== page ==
I would like to know that there are more people with skin in the game who are influencing decisions.  That is major business leaders, self-employed individuals, small business owners, shopkeepers, front-line doctors and nurses, farmers, teachers, carers, mothers, grandparents, teenagers, and more.  Those who have experience of running organisations through economic challenges.  Those who are currently having to tackle first-hand the very real financial, emotional and practical consequences of this pandemic.

And so to the future, for that is another country too, and we shall need to do things differently when we get there.  To make good decisions about how we shape and achieve the best future outcomes for the UK and globally, we need diversity of thought, experience and approach.  Big picture thinkers as well as those well versed in detail and facts.  Those who understand the loss, grief, anxiety and isolation that people are feeling.   

We shall surely need to accept that there will be a risk to certain people as we ease the lockdown.  Those who have specific risk factors can maintain whatever isolation they choose but if we have, indeed, passed the peak and the NHS has coped, then can we not be allowed to get back to some kind of normal life?  Most particularly, businesses, and other enterprises and organisations, now need to start working again as otherwise the consequence to the economy will lead to far worse suffering and death, not only in the UK but worldwide.    If there is to be a second wave, then this will occur at whatever time we lift the lockdown, won’t it?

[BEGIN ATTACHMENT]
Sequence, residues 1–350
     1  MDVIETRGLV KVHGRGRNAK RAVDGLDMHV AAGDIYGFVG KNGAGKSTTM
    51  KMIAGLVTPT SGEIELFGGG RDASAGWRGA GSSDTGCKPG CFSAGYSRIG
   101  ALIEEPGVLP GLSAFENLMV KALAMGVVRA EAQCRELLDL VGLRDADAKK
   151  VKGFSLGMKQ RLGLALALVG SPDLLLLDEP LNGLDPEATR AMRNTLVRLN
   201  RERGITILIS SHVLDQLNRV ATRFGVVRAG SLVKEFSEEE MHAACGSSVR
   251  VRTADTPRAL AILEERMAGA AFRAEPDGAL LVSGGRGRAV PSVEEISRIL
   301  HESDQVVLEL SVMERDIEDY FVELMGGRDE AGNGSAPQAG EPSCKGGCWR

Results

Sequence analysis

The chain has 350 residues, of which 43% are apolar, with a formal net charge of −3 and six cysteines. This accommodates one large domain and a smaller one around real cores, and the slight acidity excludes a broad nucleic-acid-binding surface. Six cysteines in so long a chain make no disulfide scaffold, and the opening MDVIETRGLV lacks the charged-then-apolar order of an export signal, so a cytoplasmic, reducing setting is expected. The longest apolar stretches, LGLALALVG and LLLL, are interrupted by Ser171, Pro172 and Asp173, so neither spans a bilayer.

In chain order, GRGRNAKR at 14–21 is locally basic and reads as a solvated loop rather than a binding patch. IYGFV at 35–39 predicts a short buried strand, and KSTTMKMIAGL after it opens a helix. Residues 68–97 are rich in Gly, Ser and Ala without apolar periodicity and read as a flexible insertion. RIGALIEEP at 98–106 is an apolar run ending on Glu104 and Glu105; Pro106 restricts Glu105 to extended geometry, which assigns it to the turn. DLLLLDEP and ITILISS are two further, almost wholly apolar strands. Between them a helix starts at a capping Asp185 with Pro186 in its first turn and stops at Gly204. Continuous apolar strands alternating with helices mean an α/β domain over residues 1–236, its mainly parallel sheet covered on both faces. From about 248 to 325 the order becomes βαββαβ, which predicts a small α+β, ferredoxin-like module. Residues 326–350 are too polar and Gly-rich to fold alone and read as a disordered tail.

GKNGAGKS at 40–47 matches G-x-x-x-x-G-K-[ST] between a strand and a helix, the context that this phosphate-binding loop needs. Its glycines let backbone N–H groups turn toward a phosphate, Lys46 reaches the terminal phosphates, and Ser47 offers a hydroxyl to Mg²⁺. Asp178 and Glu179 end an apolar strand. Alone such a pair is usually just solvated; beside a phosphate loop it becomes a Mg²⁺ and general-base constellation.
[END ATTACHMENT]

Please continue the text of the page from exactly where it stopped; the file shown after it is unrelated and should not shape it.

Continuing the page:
But we live in an era of ‘safetyism’, where risk is also another country.  In the last decade, the prospect of anyone getting ill, injured, or dying has become almost unacceptable.  Tolerance of mistakes or accidents has lessened and often become a matter of litigation.  Children are not allowed to play with conkers, nor go out to play without supervision on the assumption that it is a more dangerous world, despite the fact that statistically apparently it is not.  Adults are limited by endless health and safety regulations. But risk is a natural part of life.  I think previous generations understood this better than we do.